American Psycho (United States, 2000)
Sight unseen (except by attendees at the 2000 Sundance Film Festival, where the movie premiered), Mary Harron's American Psycho has already become one of the most controversial motion pictures of the year (making it a "must see" for some film-goers). The reason is twofold. The source material for the Mary Harron/Guinevere Turner screenplay is Bret Easton Ellis' incendiary novel, which, upon its publication, was the source of equal parts praise and vilification. Secondly, there is the now-infamous "NC-17" controversy surrounding the film. Like the recently released Black and White, American Psycho was initially slapped with the MPAA's Kiss of Death. Only after re-editing was the classification reduced to the commercially acceptable "R".
Ironically, it can be argued that the movie deserved (and, in fact, still deserves) the "NC-17", although not for the reasons cited by the MPAA. Sexually, there's nothing here that warrants such a prohibitive rating - but, when it comes to violence, that's another matter. This is a bloody, grotesque, and often graphic motion picture. Had the MPAA awarded the "NC-17" for this reason, their logic might have made some sense. But because it was handed out for a non-explicit sexual threesome, the situation once again points to the MPAA as a reactionary organization that embraces gore but abhors sex.
To the delight of Sundance crowds, director Harron (I Shot Andy Warhol) publicly stated that she would not alter a frame of the print to affect a classification change, but her brave declaration didn't last long once away from the high altitude of Park City. Having seen both versions of American Psycho, I can state that there's not much difference (another factor that makes the MPAA's demands curious). In both editions, American Psycho is an effectively barbed satire of American morals and values, a blacker-than-black comedy that elicits equal parts horror and laughter.
First and foremost, the movie takes a scathing look at the "me first" mentality of the mid-to-late-'80s. In fact, one of the reasons the film works so well is because of a take no prisoners attitude. We are given a gallery of despicable, amoral characters to observe. Anyone who identifies with them needs to consider seeking immediate psychiatric help. The most disturbing of them is Patrick Bateman (Christian Bale), a successful, wealthy commodities broker who believes himself to be untouchable and perhaps indestructible. Not content to destroy lives in the conventional manner embraced by his colleagues, Patrick has taken things one step further and become a serial killer. In fact, he has murdered so many times that he is losing track of the body count.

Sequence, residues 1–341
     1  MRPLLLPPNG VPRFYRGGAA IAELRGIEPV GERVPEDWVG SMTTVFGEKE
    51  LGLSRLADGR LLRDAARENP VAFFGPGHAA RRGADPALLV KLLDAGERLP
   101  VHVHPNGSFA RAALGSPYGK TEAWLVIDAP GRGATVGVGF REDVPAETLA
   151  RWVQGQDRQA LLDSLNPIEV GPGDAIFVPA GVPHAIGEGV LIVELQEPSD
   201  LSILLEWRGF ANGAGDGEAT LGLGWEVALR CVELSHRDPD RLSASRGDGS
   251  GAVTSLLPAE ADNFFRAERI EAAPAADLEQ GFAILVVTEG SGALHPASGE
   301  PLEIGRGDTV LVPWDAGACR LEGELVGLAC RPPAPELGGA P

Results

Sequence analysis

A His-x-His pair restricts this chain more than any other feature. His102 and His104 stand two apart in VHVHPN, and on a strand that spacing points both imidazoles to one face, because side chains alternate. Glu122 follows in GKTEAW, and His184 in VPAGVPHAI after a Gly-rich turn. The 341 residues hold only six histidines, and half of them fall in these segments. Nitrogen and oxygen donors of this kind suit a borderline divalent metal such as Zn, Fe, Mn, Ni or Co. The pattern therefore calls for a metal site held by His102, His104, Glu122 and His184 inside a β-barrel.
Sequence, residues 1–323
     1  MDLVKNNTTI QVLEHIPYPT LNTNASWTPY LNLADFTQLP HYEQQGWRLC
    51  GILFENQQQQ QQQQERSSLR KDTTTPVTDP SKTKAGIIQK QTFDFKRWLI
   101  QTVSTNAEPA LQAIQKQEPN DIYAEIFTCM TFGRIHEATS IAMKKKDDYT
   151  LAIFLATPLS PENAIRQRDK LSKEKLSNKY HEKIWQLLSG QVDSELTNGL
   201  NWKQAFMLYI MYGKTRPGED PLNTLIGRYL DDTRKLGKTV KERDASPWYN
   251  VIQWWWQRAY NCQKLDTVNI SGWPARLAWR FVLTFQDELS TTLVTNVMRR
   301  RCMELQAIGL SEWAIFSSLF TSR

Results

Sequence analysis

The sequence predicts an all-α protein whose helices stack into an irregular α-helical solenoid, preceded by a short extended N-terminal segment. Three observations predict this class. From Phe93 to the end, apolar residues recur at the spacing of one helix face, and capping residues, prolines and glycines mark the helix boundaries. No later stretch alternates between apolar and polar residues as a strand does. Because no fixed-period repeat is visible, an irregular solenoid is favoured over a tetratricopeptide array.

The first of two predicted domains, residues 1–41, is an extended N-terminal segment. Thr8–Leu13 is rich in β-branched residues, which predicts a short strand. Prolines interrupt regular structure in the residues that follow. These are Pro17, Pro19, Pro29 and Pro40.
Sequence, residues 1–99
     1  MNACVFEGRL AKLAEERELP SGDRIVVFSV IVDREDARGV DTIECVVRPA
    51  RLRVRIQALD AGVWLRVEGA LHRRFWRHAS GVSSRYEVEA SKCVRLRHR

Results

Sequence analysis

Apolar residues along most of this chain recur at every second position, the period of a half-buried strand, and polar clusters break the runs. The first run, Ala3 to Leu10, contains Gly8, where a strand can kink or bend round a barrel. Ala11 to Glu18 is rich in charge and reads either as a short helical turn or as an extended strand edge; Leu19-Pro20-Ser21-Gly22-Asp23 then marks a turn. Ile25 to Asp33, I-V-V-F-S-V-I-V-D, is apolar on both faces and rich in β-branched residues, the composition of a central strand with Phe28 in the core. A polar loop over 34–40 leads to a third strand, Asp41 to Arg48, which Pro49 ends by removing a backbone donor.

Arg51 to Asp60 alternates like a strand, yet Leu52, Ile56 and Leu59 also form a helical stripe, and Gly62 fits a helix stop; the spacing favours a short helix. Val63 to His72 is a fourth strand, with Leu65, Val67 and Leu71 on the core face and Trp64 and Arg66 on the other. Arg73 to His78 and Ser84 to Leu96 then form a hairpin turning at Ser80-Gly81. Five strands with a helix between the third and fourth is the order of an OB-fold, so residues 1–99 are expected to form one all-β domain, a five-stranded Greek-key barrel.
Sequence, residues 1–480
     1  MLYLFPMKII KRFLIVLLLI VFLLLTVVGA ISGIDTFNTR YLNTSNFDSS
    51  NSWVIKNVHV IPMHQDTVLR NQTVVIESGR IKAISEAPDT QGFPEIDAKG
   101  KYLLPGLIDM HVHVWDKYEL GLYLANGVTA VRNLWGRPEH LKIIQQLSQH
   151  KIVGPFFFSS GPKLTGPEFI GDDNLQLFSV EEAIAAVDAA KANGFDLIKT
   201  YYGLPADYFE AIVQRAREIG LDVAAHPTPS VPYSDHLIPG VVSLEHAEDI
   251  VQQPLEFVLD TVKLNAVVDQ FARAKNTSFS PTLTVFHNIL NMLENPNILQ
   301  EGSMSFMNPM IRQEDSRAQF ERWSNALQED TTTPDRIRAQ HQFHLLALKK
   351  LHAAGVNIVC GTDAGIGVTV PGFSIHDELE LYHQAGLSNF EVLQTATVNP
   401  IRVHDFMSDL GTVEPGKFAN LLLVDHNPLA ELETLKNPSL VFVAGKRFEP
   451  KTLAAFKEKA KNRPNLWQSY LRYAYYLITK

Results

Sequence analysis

A crucial aspect of the movie's effective satire is the performance of Christian Bale, whose dead-on, straight man approach to the role gives American Psycho its punch. Looking, and at times acting, like Tom Cruise in Magnolia, Bale's cold, charismatic, misogynist turn as the 27 year old psycho is riveting. The supporting cast contains a number of familiar names - Reese Witherspoon as Patrick's superficial fiancée, Evelyn; Chloe Sevigny as his faithful secretary, Jean; and Willem Dafoe as a police detective.
In a voiceover, Patrick informs us that "There is no real me. I simply am not there." He sees himself as a facade - a perfectly sculpted body encompassing a black hole where his soul and conscience should be. "I have all the characteristics of a human being but not one discernible emotion except greed and disgust." He's a huge fan of pop music. Some of the film's creepiest and funniest scenes occur when he plays Huey Lewis and the News, Phil Collins, and Genesis as foreplay to violence. During sex, he spends as much time preening in front of a mirror as he does playing with the girl (or girls) he's with. When introducing himself at nightclubs, he claims to be in "murders and executions" not "mergers and acquisitions." And the people he uses that line with think it's funny.
The aspect of '80s culture that gets the most thorough drubbing is the one-upsmanship of the businessman over his fellows. Harron manifests this in a number of ways throughout American Psycho -- in fact, the theme permeates the film. One memorable scene has four men showing off their business cards, with each of them trying to trump the others by presenting the nicest looking typeface or the most impressive card stock. Although this description may not sound amusing, the sequence is hilarious. It all comes down to execution. Harron captures the perfect tone for an enterprise like this and keeps things moving, with the momentum flagging only slightly during the final 15-20 minutes when psychological tension supplants black comedy.
In the recent tradition of movies like Fight Club and The Sixth Sense, American Psycho employs a surprise ending. There is enough ambiguity about the last act revelations that one can interpret them in more than one way, but the most likely choice forces the entire movie to be re-interpreted through a different filter. In retrospect, the film holds together no matter which approach you accept, and the seams never show. American Psycho may be controversial (and some people will undoubtedly be shocked and repulsed by the violence), but it represents one of the most daring, inventive, and invigorating movies to reach the screen during the dreary first half of 2000.
American Psycho (United States, 2000)
Theatrical Aspect Ratio: 1.85:1
Screenplay: Mary Harron, Guinevere Turner, based on the novel by Bret Easton Ellis
Cinematography: Andrzej Sekula
Music: John Cale